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    Holy misinformation. EMC FAST = Fully Automated Storage Tiering

    You missed the fully automated part. It does it all - that's the point - there is no guesswork. The algorithms do the guesswork for you and they do it correctly.

    Compellent was the first to market with storage tiering back in '03/'04. They've come a long way, but they simply do not have the horsepower to compete with EMC's new top VNX loaded with solid state. As far as pure IOPS goes, it's not even close.

    All depends on IOPS - what is the box going to be doing - buy accordingly. I'm still not a fan of Netapp's RAID-DP / WAFL stuff - I had so many performance issues in the past with it - requiring disk shelf after disk shelf to be purchased just to barely affect the IOPS requirment. They've gotten better, but it was a rough time for many years where their stuff was not performing - especially when VDI hit. Then PAM came out, then PAM 2 came out and holy cow did it cost a lot with all of the seperate licensing required. PAM is still read only. EMC's FAST Cache is read and write and fully tunable. Also, I've has nothing but great luck from EMC support - better than NetApp, maybe not as slick/friendly as Compellent/DELL's support.

    All these sytems do things in different ways, true. And people's experiences tend to change their opinions, and grudges can be held with blinders on for years, even though the technology has advanced leaps and bounds from most all vendors. Bad tastes live a long time in the storage world. They each take their turn wearing the crown, depending on when their flavor of technology hits the market.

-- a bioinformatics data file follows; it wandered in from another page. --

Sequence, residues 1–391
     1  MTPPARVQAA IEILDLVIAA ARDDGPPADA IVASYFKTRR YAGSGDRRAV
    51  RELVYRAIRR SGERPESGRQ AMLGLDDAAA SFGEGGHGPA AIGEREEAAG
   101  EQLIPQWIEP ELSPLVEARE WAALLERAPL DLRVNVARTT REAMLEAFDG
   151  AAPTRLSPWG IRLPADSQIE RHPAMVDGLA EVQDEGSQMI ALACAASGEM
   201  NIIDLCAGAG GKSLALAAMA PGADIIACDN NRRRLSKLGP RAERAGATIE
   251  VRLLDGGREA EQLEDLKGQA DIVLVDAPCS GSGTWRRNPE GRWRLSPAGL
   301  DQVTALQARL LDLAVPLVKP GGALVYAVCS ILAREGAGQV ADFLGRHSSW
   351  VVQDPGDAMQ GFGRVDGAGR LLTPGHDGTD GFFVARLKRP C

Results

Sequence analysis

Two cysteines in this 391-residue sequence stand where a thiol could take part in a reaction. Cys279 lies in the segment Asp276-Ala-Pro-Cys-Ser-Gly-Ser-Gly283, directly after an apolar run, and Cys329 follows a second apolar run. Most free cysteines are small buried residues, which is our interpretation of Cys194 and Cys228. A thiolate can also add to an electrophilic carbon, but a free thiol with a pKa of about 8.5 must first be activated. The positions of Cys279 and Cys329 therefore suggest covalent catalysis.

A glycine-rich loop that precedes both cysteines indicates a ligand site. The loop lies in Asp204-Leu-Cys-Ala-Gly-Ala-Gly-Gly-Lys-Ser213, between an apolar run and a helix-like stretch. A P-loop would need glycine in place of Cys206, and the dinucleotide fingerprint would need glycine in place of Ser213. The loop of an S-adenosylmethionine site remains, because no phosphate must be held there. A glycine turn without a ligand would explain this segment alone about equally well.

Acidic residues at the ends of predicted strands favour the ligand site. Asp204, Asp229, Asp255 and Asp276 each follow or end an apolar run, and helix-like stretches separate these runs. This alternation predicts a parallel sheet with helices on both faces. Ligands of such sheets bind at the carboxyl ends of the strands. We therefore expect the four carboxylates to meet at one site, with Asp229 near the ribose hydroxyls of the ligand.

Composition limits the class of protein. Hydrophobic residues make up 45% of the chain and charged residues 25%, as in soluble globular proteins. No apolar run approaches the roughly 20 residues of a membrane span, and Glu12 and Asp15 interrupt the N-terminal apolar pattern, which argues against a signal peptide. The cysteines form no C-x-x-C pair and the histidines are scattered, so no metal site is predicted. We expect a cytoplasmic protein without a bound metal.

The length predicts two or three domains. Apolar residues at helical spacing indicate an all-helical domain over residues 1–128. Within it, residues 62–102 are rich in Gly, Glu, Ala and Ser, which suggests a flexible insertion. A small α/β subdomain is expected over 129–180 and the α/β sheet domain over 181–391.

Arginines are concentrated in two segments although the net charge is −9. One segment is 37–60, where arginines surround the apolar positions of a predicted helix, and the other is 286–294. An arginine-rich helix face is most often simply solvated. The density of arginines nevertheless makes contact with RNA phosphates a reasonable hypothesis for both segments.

Last edited: Mar 9, 2012
  12. schnell

    schnell Gawd

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    Why wouldn't you "lean" on support? If you buy any enterprise storage technologies without a support contract you are a MORON. Sure I can probably fix it in an hour or so but why bother when Copilot can do it for me in 5 minutes? When we bought the new SSD's for tier 1 I slapped them in the enclosure and Copilot re-raided and re-tiered the entire environment for me. THAT is what enterprise support is for. They also had a technician in my building in less that 2 hours when a drive died, he replaced the drive and did the rebuild ... all I had to do was let him into the server room.
     
  13. shnelson

    shnelson Limp Gawd

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    My assumption is that is exactly what he meant by leaning on support. Some shops are ok waiting for a drive to ship via courier and putting it in themselves as opposed to having an engineer come out to do it for you.

    It is always nice to know that they are there when you need them though.

    Anyways...

    After a couple rigorous months of going back and forth between both vendors, we decided on NetApp. Thank you everyone for your insight here, though there weren't many in favor for NetApp I found it very beneficial to hear from Compellent customers.

    In all honesty, both quoted systems were well-suited for our environment.. which is what made the decision so tough. In the end, NetApp provided us with more performance on fewer spindles (this doesn't factor in the PAM either). Compellent provided more storage than we had asked for, but the spindle count was higher (2tb 7.2k drives) and the IOPs were less than half of the NetApp.